By comparing simulations of the same case in which the initial conditions differed by a small-amplitude perturbation concentrated at the smallest resolvable scale, ZSR03 showed how the error in the 36-h forecast precipitation pattern originates in small scales and then amplifies as it spreads upscale and that the error growth is associated with conditional instability and (parameterized) moist convection. This is in general agreement with the results of Ehrendorfer et al. (1999), using a mesoscale model and its adjoint including moist processes; they also showed that, in the presence of parameterized moist convection, errors may grow more rapidly and at smaller scales than in a dry version of the model. In their highest-resolution experiments (inner grid of 3.3-km horizontal resolution without a parameterization of moist convection), ZSR03 found that the small-scale differences appeared first as differences in the timing and placement of convective cells and then spread upscale to alter the shape and location of the surface cyclone in the 36-h forecast.

Our focus in this paper is on the potential for initial errors of small scale and small amplitude to impose an intrinsic limit on the predictability of mesoscale flows, even in the absence of other sources of error. In practice, of course, the skill of today's weather forecast may be influenced by numerous factors, such as analysis errors of significant amplitude and synoptic scale, errors in the lateral boundary conditions and errors in the forecast model itself. For the snowstorm of 24–25 January 2000, ZSR02 showed that each of those additional factors may well have contributed to the poor operational forecast. Although the scope of the present paper will be limited to the growth of small-scale and small-amplitude initial errors, we emphasize that, as in the snowstorm of 24– 25 January 2000, other sources of forecast error are possible. A discussion of these other sources and a more complete review of the literature on mesoscale predictability can be found in ZSR02 and ZSR03.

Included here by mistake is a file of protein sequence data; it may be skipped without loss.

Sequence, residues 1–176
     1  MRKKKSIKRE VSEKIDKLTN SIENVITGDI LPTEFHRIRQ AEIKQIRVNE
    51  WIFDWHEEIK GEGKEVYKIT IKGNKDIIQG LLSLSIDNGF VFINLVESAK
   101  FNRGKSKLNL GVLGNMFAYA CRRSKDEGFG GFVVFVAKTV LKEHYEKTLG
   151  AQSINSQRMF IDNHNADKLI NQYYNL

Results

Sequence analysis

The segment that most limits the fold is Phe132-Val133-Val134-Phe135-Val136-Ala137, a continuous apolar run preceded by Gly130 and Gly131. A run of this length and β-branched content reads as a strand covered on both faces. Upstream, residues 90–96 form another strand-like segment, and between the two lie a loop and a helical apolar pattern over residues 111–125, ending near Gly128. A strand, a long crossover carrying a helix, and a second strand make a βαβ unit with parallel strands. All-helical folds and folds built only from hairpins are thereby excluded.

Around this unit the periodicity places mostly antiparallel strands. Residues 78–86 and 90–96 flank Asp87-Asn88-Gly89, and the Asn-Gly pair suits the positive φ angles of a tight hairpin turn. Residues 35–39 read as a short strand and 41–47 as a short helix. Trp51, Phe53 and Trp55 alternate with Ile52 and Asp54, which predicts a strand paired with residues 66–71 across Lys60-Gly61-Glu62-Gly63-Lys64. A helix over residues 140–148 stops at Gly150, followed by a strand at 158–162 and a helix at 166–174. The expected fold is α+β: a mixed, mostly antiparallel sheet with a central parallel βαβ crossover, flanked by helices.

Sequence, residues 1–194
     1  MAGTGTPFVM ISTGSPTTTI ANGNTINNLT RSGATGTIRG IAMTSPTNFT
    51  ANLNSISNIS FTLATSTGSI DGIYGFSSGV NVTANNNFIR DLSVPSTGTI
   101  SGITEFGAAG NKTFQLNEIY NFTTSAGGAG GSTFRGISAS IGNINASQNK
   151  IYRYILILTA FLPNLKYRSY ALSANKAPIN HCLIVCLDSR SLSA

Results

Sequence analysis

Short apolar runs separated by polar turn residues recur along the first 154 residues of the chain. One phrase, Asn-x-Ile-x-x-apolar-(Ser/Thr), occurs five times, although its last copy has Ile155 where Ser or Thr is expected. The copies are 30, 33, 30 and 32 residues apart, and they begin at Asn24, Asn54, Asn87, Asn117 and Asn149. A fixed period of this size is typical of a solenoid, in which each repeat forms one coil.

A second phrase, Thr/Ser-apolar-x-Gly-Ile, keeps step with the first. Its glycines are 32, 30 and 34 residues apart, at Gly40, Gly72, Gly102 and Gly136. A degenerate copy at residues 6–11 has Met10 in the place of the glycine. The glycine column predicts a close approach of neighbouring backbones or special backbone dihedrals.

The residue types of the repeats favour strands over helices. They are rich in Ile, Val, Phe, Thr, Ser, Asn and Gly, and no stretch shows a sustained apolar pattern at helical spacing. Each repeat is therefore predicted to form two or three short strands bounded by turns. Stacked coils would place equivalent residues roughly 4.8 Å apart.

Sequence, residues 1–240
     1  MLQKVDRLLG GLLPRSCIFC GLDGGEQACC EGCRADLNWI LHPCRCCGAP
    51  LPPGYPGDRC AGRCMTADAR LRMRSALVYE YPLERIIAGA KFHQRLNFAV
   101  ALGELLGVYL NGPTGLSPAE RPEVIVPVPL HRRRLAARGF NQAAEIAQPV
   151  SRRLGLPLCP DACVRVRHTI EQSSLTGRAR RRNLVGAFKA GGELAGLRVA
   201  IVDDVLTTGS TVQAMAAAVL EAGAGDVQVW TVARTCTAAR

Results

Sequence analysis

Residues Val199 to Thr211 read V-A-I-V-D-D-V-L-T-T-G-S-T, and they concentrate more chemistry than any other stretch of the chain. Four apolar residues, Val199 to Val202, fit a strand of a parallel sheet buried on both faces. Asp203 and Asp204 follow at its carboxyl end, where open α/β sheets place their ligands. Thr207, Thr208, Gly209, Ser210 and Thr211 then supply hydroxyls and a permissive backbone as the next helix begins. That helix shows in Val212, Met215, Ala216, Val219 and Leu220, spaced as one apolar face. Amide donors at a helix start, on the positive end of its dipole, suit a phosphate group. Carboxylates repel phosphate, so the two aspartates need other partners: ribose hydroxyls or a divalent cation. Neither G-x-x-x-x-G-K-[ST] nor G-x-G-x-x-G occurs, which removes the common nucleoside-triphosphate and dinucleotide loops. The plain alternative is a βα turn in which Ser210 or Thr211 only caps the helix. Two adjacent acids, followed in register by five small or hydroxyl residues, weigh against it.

Motivated by the observation that the snowstorm of 24–25 January 2000 was associated with the downstream amplification of a synoptic-scale wave and wishing to generalize the results of ZSR02 and ZSR03 from a single case, we have carried out MM5 simulations of an idealized baroclinic jet in a channel with a prescribed initial synoptic-scale perturbation restricted to the western (upstream) end of the channel. The latter problem has been extensively studied (see Hakim 2000 for a recent review) as a model for the observed amplification of synoptic-scale waves. To the idealized baroclinic jet, we have added a moisture distribution so that the idealized atmosphere is conditionally (as well as baroclinically) unstable. This experimental setup allows us to investigate in a simpler, but still realistic, context the suggestion of ZSR03 that the rapid error growth seen in their simulations required conditional instability and either moist convection (in the highest-resolution runs) or its parameterization.